Seventh-On the left hand side of the ticket shall be a column designating the office to be voted for, and on the same line in the several columns under the appropriate party names all the names of candidates nominated for that office shall be printed.

Eighth-The names of persons nominated otherwise than by the convention of a party entitled to a column on the ballot shall be placed in one or more columns to the right of the party columns and under the designation or heading of "Independent," and after each such name shall be printed in one word the name of his party or principle, as given in his certificate of nomination.

Ninth-There shall be a space between the party name at the top of each party column and the name of the head of the ticket, of five eighths of an inch and in the center of the space under the party name there shall be a square of three-eighths of an inch in which the voter by his cross mark may declare that he votes for all the names printed in that column except such as are erased, as hereinafter specified.

Tenth-If an elector desires to vote for part, but not all of the candidates named in the column of any party, he may make a cross in the square at the head of that column and erase the name of each candidate for whom he does not wish to vote. There shall be left under the name of each candidate sufficient space to write another name therein in lieu of the one printed; and when any name so printed is erased and another name is writetn immediately thereunder, it shall be counted as a vote for the name so written in lieu of the one erased.

Eleventh-On a line with the name of each candidate and to the right of each column there shall be a space enclosed in a square in which the voter may make a cross mark and thereby indicate his choice for such candidate for that office. When a voter votes for a party ticket by using the square at the head of the party column and erases the names in that column, he may then vote for any other candidate for that office in lieu of the name erased by placing a cross in the appropriate space opposite the name of such other candidate.

Twelfth-In the preparation of the ballot the order of arrangement of offices to be filled shall be:


Presidential electors, if any.

2nd. State officers, including justice of the supreme court.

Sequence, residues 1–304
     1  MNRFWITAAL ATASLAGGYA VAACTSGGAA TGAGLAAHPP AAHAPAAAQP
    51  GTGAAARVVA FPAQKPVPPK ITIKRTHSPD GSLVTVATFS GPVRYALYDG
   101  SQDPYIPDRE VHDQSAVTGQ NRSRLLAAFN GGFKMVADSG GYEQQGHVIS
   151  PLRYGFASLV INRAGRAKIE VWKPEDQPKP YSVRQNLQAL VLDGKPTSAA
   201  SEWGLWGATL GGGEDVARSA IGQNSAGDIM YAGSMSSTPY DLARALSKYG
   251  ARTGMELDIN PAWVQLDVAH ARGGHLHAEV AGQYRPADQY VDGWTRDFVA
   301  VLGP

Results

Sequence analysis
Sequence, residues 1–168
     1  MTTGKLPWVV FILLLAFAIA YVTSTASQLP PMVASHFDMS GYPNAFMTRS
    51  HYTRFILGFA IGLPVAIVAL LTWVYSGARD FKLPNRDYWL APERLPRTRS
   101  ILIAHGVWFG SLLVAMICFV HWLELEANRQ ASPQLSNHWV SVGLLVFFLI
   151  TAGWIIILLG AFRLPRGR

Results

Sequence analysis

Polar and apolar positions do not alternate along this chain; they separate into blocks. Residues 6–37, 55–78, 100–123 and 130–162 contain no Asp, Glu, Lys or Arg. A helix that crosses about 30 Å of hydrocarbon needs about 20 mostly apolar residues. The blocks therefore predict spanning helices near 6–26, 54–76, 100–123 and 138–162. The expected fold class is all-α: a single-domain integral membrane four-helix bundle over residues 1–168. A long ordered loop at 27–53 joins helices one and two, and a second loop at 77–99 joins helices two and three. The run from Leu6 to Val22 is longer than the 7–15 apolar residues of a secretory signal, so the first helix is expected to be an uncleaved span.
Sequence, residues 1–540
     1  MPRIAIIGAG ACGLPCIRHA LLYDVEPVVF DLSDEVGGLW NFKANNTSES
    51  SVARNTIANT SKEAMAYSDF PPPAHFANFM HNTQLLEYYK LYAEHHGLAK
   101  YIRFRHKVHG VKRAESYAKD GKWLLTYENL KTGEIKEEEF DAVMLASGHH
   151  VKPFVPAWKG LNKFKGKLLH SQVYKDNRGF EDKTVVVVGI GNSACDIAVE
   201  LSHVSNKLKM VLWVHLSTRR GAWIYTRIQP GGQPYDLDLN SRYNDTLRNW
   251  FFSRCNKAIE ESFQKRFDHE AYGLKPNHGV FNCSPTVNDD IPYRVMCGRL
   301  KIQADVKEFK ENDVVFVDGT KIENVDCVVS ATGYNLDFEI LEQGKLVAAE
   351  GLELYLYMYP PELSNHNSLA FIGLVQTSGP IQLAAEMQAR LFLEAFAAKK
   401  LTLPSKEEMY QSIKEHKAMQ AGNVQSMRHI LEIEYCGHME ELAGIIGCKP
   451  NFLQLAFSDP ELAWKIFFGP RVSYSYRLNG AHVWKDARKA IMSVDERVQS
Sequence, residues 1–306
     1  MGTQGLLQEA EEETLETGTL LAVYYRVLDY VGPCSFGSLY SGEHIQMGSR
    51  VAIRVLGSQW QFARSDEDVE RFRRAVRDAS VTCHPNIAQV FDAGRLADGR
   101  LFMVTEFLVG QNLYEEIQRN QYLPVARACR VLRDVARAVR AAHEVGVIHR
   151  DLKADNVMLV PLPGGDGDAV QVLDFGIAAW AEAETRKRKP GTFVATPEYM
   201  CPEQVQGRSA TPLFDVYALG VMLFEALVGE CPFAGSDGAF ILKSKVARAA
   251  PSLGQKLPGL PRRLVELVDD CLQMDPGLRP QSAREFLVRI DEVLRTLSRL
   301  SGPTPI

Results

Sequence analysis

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Thirteenth-Each ballot shall contain on the face thereof the following specific instructions and no others, in addition to the words "official ballot," and the name of the state and county, with the date of the election, to-wit:

"If you desire to vote an entire party ticket, make a cross in the square under the appropriate party name at the head of the ballot. If you desire to vote for a part and not all of the candidates of your party make a cross in the square under the appropriate party name at the head of the ticket, and erase the name of any candidate in that column for whom you do not want to vote, and make a cross opposite the name of the candidate you desire to vote for in lieu of the one erased, or write the name you desire to vote for in the blank space immediately under the name erased."

State ex rel vs. Burdick, 46 Pac. 854.


[S. L. 1897, Ch. 53, Sec. 17.]

Sec. 290. At or before the opening of the polls the county clerk or the municipal clerk in the case of municipal elections shall cause to be delivered to the judges of election of each polling precinct which is within the county or within the municipality in the case of municipal elections, and in which the election is to be held at the polling place of the precinct the proper number of ballots as provided for in section two hundred and ninety-three. He shall also deliver to the said judges a rubber or other stamp with ink pad for the purpose of stamping or designating the official tickets as hereinafter provided. Said stamp shall contain the words "official ballot," the name and number of the polling precinct, the name of the county or municipality as the case may be, the date of the election, and the name and official designation of the clerk who furnishes the tickets.

Slaymaker vs. Phillips, 5 Wyo. 453.

[S. L. 1890, Ch. 80, Sec. 110.]


Sec. 291. The ballots and stamp for each precinct shall be enclosed in a package under seal, and the person delivering them to the judges of election shall take a receipt therefor, and file the same in the county or municipal clerk's office, as the case may be.

[S. L. 1890, Ch. 80, Sec. 111.]


Sec. 292. Except as in this title otherwise provided, the clerk of each county shall provide printed ballots for every election for public officers other than city, town or school district officers, in which the electors or any of the electors within the county participate, and to cause to be printed in the ballot the name of every candidate whose name has been certified to, or filed with the county clerk in the manner provided for in this title. Ballots other than those printed by the respective county clerks, according to the provisions of this title shall not be cast or count